My guest this week was the first of three sons to be born in a hospital (Evansville) near their country home. A sister arrived later. His father was a general manager over eight counties for a feed company. In high school (Booneville), a teacher influenced him to get involved in reading current events, an activity important to his life yet today. Even considers himself a “social studies nut!” Certainly, we have that in common!
Also during high school, he was heavily involved in music, playing an alto sax during concert band and drums in dance band. After high school, he headed to ISU. His educational time frame produced an oddity. Staying in the exact place, he attended Indiana State Teachers’ College, Indiana State College and Indiana State University, due to name changes.
Then, going to college was reasonably inexpensive at $5/credit hour plus he had a part time job in a Sub way, but not the places called that today: “It was more of a greasy spoon!” Completing his education, it was to Crawfordsville to teach. Glad he chose Montgomery County.
LWV explains stance on immigration issues
Thursday, April 20, 2017 4:00 AM
The League of Women Voters of the United States believes that immigration policies should promote reunification of immediate families; meet the economic, business and employment needs of the United States; and be responsive to those facing political persecution or humanitarian crises. Provision should also be made for qualified persons to enter the United States on student visas. All persons should receive fair treatment under the law.
The League supports federal immigration law that provides an efficient, expeditious system (with minimal or no backlogs) for legal entry of immigrants into the United States.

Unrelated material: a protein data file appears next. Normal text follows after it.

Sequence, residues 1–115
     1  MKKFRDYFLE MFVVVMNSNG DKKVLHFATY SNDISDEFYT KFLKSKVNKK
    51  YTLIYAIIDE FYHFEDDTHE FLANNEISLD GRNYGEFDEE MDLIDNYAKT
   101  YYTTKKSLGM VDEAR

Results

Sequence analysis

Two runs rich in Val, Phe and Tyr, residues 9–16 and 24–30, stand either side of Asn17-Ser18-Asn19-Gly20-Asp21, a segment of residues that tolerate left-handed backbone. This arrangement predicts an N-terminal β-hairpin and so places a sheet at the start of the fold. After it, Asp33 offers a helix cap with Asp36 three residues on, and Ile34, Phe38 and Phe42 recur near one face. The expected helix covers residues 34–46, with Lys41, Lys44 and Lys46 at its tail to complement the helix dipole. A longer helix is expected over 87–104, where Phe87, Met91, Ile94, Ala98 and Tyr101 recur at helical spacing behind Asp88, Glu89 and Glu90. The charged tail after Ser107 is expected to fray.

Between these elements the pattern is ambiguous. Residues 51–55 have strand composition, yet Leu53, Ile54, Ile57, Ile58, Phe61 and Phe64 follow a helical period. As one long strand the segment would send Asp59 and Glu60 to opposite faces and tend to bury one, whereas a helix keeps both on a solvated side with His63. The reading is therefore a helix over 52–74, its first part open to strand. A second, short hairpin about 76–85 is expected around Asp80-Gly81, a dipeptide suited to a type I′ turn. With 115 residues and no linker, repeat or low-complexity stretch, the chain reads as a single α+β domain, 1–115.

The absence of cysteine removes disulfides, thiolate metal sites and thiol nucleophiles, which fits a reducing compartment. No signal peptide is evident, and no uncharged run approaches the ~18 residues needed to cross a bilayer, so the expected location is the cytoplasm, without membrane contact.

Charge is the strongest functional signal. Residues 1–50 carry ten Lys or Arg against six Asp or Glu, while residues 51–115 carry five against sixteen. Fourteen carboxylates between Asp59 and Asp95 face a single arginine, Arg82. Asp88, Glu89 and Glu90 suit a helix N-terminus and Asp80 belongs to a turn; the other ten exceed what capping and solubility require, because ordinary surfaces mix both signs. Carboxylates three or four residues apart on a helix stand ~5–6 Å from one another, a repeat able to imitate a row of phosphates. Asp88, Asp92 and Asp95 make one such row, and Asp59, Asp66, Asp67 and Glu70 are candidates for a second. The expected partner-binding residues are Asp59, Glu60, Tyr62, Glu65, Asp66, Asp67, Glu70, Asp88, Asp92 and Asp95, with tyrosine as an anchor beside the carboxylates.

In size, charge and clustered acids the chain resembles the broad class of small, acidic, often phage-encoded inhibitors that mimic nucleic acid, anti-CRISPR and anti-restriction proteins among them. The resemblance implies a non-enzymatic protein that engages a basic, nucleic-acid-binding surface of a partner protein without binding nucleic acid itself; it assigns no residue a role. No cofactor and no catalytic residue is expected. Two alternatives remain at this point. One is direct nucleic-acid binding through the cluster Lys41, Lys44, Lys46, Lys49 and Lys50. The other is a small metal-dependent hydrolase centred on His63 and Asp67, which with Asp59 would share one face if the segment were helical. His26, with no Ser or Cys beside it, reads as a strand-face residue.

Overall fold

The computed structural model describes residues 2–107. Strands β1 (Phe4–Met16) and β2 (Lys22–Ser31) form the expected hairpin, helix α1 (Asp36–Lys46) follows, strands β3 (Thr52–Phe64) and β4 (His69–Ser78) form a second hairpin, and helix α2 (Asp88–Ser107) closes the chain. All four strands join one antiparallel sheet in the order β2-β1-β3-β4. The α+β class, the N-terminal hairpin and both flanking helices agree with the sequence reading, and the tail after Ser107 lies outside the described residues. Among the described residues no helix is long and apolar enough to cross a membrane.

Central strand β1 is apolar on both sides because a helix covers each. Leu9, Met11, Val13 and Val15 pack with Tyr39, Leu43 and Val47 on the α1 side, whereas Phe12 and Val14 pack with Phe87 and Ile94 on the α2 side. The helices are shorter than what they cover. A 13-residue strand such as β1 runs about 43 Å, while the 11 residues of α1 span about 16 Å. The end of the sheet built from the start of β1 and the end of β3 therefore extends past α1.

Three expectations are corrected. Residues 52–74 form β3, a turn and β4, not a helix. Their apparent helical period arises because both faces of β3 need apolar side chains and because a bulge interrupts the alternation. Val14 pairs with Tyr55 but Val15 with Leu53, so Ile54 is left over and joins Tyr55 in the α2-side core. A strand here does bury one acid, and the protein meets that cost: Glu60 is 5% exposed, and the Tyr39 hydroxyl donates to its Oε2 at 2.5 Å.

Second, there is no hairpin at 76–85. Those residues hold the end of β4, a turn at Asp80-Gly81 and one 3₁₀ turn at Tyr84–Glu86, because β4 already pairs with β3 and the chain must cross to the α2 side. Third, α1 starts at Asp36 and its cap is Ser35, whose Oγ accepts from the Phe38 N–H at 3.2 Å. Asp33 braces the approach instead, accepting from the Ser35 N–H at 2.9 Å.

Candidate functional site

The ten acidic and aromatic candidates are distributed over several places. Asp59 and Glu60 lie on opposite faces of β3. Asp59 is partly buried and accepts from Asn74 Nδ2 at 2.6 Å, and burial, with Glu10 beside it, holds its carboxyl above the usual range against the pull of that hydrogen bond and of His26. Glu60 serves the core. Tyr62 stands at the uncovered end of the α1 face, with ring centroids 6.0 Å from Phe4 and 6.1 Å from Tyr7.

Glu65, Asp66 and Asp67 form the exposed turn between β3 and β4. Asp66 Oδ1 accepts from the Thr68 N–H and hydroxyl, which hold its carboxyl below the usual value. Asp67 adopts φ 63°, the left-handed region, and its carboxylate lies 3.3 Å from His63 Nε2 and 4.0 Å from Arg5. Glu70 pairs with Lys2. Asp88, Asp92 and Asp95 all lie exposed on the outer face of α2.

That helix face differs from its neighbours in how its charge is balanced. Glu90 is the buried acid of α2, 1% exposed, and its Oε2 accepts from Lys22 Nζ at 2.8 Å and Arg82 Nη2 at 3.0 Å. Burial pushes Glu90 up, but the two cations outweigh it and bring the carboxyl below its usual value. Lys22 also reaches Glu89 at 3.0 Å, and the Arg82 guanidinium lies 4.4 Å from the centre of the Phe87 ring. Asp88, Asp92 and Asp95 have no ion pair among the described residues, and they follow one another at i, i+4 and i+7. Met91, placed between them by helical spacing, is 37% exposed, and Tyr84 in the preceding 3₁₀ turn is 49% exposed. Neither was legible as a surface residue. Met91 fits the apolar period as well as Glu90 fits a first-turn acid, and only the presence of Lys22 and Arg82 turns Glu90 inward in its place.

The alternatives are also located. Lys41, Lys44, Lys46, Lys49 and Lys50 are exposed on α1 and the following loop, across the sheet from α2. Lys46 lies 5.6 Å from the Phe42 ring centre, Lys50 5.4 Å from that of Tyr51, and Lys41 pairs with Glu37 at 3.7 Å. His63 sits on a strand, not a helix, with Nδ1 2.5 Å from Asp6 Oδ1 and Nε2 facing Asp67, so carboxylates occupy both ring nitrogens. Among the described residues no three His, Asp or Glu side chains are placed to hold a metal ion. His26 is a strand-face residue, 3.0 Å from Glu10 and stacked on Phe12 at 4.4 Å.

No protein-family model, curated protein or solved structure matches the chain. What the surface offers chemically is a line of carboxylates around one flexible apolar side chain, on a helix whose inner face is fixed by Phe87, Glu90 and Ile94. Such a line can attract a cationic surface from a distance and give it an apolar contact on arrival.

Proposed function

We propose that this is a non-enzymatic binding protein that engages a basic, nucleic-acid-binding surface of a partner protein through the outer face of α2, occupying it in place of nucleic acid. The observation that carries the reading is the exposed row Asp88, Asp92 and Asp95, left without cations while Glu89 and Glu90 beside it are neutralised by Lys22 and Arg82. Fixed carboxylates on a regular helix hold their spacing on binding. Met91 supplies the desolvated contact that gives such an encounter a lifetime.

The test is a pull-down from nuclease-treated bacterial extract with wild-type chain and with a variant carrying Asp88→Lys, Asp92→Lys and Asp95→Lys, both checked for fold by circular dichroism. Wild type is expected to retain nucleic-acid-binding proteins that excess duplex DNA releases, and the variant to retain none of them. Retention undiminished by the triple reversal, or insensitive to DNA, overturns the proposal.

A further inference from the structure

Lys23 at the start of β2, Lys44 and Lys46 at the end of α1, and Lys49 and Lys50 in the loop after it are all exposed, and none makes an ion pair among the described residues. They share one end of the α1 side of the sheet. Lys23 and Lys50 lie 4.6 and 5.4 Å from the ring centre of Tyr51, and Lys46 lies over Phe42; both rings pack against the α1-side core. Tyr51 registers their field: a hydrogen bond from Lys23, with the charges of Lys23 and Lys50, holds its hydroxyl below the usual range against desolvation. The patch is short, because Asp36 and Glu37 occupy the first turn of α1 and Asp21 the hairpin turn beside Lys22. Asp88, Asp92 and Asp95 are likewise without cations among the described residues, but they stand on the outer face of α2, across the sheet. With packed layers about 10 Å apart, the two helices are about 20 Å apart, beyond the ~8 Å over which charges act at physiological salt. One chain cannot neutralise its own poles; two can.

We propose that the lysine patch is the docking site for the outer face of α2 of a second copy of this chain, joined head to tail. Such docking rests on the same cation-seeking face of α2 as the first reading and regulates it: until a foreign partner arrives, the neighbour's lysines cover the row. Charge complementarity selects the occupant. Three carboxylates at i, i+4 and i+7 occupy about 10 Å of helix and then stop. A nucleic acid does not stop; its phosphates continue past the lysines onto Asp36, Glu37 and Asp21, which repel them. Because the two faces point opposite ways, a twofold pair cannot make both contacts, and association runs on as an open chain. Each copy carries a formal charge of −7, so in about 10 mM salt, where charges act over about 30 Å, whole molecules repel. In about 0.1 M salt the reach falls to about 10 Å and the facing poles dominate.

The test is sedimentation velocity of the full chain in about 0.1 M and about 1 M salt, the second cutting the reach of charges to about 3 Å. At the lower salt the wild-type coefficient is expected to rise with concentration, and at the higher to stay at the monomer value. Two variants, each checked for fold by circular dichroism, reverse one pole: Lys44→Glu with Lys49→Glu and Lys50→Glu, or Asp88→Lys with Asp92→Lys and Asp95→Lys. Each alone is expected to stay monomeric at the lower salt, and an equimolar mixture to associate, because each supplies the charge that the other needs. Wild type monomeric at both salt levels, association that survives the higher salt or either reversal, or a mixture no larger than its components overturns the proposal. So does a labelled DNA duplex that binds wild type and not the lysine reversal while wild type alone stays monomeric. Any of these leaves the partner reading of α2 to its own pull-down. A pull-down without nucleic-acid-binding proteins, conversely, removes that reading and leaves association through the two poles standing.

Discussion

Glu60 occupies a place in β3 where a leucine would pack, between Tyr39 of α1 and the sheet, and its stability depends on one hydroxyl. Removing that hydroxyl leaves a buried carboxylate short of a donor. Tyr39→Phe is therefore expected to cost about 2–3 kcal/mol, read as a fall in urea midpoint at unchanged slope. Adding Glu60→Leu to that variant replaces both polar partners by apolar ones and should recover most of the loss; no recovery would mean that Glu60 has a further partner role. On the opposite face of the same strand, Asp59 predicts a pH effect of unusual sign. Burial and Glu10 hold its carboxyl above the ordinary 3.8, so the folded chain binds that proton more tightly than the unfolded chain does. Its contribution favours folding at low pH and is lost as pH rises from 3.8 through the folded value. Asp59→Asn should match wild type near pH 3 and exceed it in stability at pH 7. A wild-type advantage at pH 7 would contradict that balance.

To complement these goals the League supports federal policies to improve economies, education, job opportunities and living conditions in nations with large emigrating populations.
In transition to a reformed system, the League supports provisions for unauthorized immigrants already in this country to earn legal status.
The League supports federal payments to impacted communities to address the financial costs borne by states and local governments with large immigrant populations.
Category: Things that only happen in the south
Wednesday, April 19, 2017 4:00 AM
I had just a few minutes to run a quick errand before checking into the hospital for surgery. I pulled into a downtown Chattanooga parking garage, and the attendant, an older woman, struck up a conversation. When she found out I needed to park for less than 30 minutes, the following dialogue ensued:
She: "Oh, honey, you don't want to park in here! You can park on the street and it only costs 50 cents for thirty minutes."
Me: "I don't mind. I'm not good at parallel parking."
She: "You just hold on a minute."
Proceeding to leave the booth, she walked out to the street.
Upon her return: "There are several spots right up the block. You'll find a big one, and your car will slide in easy as pie!"
Me: "Really, it's ok. If you could please just lift the gate, I'll go on through."
Saluting Volunteers of the Montgomery County 4-H Program
Wednesday, April 19, 2017 4:00 AM
Each year, thousands of volunteers in Indiana donate their time and energy to make their communities a better place to live. These volunteers will be among the millions across the country who will be spotlighted during the 43rd anniversary of National Volunteer Week, April 23-29, 2017.